For twenty years, my family has lived and helped sustain Canada. I dear say we have made this great country what it is today. I find it distasteful the way the government allowed jobs that should be reserved for Canadian men to be taken over by foreigners who know nothing about the labours of this country.....

Early 1920 s

Early 1920’s

Canada & Her People

Exploring How To Write Letter stothe Editor



Farmers in the Maritime have to barter with storekeepers for basic necessities.

How do the farmers feel about the migration into the city?

How do farmers feel about the expenses placed on their crops?

V isible m inority

Visible Minority

Consider how the minority were encouraged to come to Canada to work and compared their first thoughts with their thoughts after experiencing discrimination.

Explore and comment on minority groups that are forced to learn the culture of the European Canadian (First Nations People).

Think about the fact that the visible minority are mainly the working poor; what does that mean? How do these individual feel about other groups in the community? ( Chinese, Indians, African Canadians )

Upper middle c lass

Upper/Middle Class

Comment on the sudden surge of people into the city.

Respond to the complaint from Maritime workers that the upper/middle class aren’t sensitive to their issues.

Reflect on what would be important to this group of people and how others in the society are affecting that.

M igratory w orkers

Migratory Workers

Comment on the sudden opportunity to work.

Reflect on where the workers may have come from ( other places in Canada or around the world) and why they moved.

Compare the living standards of the workers with other groups in or out of the city.

Think about what these workers desire and how they plan to obtain those things.

The great depression

The Great Depression

1929- 1939

The Stock Market Crash

Roots of the Depression

Effects of the Depression on Canada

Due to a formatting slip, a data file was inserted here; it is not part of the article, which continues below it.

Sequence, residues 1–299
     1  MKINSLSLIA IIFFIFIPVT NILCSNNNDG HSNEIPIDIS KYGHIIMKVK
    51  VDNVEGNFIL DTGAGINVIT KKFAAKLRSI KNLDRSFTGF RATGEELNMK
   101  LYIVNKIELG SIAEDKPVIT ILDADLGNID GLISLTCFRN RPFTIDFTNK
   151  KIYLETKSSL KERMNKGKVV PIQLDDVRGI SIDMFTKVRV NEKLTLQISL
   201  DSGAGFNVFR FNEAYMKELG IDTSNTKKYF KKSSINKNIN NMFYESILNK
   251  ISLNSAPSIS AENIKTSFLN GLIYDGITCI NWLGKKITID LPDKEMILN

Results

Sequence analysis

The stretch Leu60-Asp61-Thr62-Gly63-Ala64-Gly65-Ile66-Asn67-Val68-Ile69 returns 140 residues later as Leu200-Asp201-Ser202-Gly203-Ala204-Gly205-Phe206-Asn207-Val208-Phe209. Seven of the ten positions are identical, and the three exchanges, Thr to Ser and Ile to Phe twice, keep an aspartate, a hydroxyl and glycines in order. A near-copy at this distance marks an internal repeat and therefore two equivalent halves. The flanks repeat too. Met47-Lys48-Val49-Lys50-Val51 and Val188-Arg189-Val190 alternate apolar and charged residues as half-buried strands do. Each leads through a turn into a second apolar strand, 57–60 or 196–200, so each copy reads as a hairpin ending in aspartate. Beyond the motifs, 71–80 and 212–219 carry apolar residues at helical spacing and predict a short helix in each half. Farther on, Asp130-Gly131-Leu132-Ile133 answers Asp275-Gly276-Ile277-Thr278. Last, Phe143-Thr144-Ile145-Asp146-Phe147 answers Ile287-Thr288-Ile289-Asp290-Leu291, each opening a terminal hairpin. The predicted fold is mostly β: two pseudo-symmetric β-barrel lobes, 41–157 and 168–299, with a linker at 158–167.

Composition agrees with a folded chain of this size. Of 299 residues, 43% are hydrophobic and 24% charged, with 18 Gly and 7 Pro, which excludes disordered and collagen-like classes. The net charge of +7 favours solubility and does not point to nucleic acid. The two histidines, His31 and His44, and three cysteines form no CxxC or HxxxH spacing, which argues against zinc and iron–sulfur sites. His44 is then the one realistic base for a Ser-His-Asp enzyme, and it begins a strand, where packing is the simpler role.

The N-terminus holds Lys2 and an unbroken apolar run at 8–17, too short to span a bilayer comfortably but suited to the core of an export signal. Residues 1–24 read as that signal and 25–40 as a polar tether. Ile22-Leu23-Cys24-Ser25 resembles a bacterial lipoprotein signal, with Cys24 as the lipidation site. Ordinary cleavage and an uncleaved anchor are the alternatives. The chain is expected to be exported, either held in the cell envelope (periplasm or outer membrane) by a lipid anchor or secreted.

Words to know

Words To Know

  • Stock

  • Share

  • Dividend

  • Stock Exchange

  • Stock Market

  • Indicators

Stock market crash

Stock Market Crash

  • October 29, 1929 , also known as Black Tuesday, was the day the Stock Market crashed. This day officially began the Great Depression.

  • Shares became worth less and less

  • The crash of the Stock Market created a domino effect where the rest of the economic community declined.

Roots of the depression

Roots of the Depression

  • The stock market crash was the immediate cause of the Depression.

  • There were many other long term causes of the depression:

    • Easy Credit

    • Manufacturing

    • Dependence on other economies

Easy credit manufacturing

Easy Credit & Manufacturing

  • Canadians bought more and more material goods

  • Manufacturers bought machinery and workers were not in high demand as they had been previously.

  • People bought stocks all hoping they would be the next ones to become millionaires.

Manufacturing cont d

Manufacturing Cont’d

  • Companies produced more goods than customers needed and stockpiled them in surplus warehouses, hoping the products would eventually be sold.

  • By 1928 and 1929 the economy slowed down dramatically and The Great Depression had spread widely from the US and into Canada.

Depending on other countries

Depending on other countries

  • A country that had once been able to produce for itself, Canada, now found themselves without a market for their product. The US stopped using Canadian plants to produce goods.

Effects of the depression in canada

Effects of the Depression in Canada

  • Banks began to fail and companies began cutting expenses and laying people off.

  • Many were unemployed and could not pay for the purchases bought on credit.